Drug Use

Here’s How to Help Someone On Meth

Watching a loved one struggle with a substance use disorder is hard, but watching them struggle with a methamphetamine addiction can be overwhelming. Methamphetamine (meth) is extremely dangerous and highly addictive, and frequent use can lead to devastating side effects and, in many cases, criminal activity.

Before you can help someone you believe has a meth use problem, you should understand methamphetamine and the impact of methamphetamine use on the person. When you know the effects of meth on someone’s physical and mental health and the available treatment options, you can better support them.

Recognize the Signs of Meth Addiction

Meth, also known as crystal meth, is a synthetic stimulant drug that can be smoked, snorted, injected, or taken orally. Meth causes a sense of heightened euphoria, alertness, and energy due to the release of dopamine, the brain's feel-good chemical, according to the Substance Abuse and Mental Health Services Administration (SAMHSA). This feeling of bliss and the constant desire for the "high" it produces drives cravings for meth, ultimately leading to drug use.

The side effects of meth become more serious the longer the drug is used. If you have been concerned about a loved one’s well-being, any of the following signs of meth addiction should raise a red flag.

Physical side effects:

  • Excessive sweating

  • Increased wakefulness and hyper-activity

  • Insomnia or unusual sleep patterns

  • Poor personal hygiene and self-care

  • Scratching

  • Skin sores

  • Tooth decay (meth mouth)

  • Weight loss

Behavioral side effects:

  • Agitation

  • Confusion

  • Hallucinations

  • Memory loss

  • Mood swings

  • Psychosis

  • Suicidal thoughts

  • Violence

How Do You Deal with Someone High On Drugs?

Dealing with someone under the influence of meth can be scary and dangerous. Always call an emergency responder if you fear for their life or yours. Otherwise, here are some steps to help keep the person calm and give time for the high to wear off.

  1. Take them to a safe environment. Find a nearby space away from hazards like weapons, heights, or harmful objects. The ideal area will be cool, away from loud noises and flashing lights, with comfortable, inviting furniture.

  2. Reassure and comfort them. Let the person know that the ill effects of drug use will eventually wear off. Give them water and a comfortable seat, and use a soothing voice when talking to them. Let them know you will stay with them until they feel better.

  3. Stay calm and watch your tone. Try to stay calm and avoid arguing with someone high on methamphetamines. Do not criticize or use a sarcastic, aggressive, or accusatory tone when talking.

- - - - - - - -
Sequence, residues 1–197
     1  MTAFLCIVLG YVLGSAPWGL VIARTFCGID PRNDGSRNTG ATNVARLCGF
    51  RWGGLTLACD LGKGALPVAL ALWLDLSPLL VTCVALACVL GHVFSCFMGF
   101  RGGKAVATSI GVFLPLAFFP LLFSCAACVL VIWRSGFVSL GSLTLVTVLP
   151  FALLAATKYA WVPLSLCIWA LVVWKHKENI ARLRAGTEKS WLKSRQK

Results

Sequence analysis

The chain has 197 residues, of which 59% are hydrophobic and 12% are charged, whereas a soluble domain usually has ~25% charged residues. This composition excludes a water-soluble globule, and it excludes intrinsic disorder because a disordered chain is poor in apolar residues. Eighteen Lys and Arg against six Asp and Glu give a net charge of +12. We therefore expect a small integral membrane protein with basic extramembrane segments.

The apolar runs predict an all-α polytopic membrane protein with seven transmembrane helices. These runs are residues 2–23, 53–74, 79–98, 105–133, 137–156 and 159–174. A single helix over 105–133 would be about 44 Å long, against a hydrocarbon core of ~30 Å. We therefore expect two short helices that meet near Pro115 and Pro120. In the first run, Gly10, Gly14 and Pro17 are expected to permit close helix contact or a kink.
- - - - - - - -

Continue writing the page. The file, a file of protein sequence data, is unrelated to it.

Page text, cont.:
4. Offer to help them find help. Someone under the influence of drugs may not be receptive to discussing treatment facilities, but you can let them know you will help find the proper care. Offer to find a healthcare provider and accompany them to family therapy or support groups.

What Do You Say To Someone Who Is Addicted To Drugs?

Your friend, coworker, or family member should know that you care and want to support and help them recover from their meth use. It will be tough on them to hear what you are saying – no one wants to be seen as a “meth user.” Here are some suggestions to help you better communicate with someone with a methamphetamine addiction.

Say ThisNot ThatWhat’s the difference?
I am worried that you are not eating much and are losing weight.You look terrible. Your clothes are falling off you- you’re going to waste away.Avoid being critical and judgmental.
Drug addiction is a disease; the best way to treat it is with appropriate healthcare.I can’t believe you don’t just stop taking drugs. Where is your willpower?Do not blame them for their addiction.
I have found someone (some place) for recovery support when you are ready.You think you have it rough; you should see what I had to go through. Toughen up and just get over it.Don’t lecture.
It seems like you are going through a difficult time. I want to help.You never let anyone help you, and now you have made a mess of your life.Do not give them a guilt trip.

Get them the Substance Use Recovery Treatment They Need

It may take several conversations before your loved one is receptive to help or change, but do not give up on them. Continue to show them your love and support, and be there for them when they are ready.

Do your homework and find appropriate treatment programs to help turn the person’s life around. Explain the different treatment options and put them in touch with a treatment provider. Whether they want inpatient or outpatient treatment, assure them you will be there every step of the way.

Caron Treatment Centers for Recovery

If you or a loved one are struggling with substance abuse or methamphetamine addiction, Caron can help you get your life back. Caron’s high-quality and compassionate treatment programs meet the excellence of addiction medicine and recovery care.

Contact us today to learn more about Caron’s intervention support, behavioral therapy, detox and management of withdrawal symptoms, and inpatient treatment centers.

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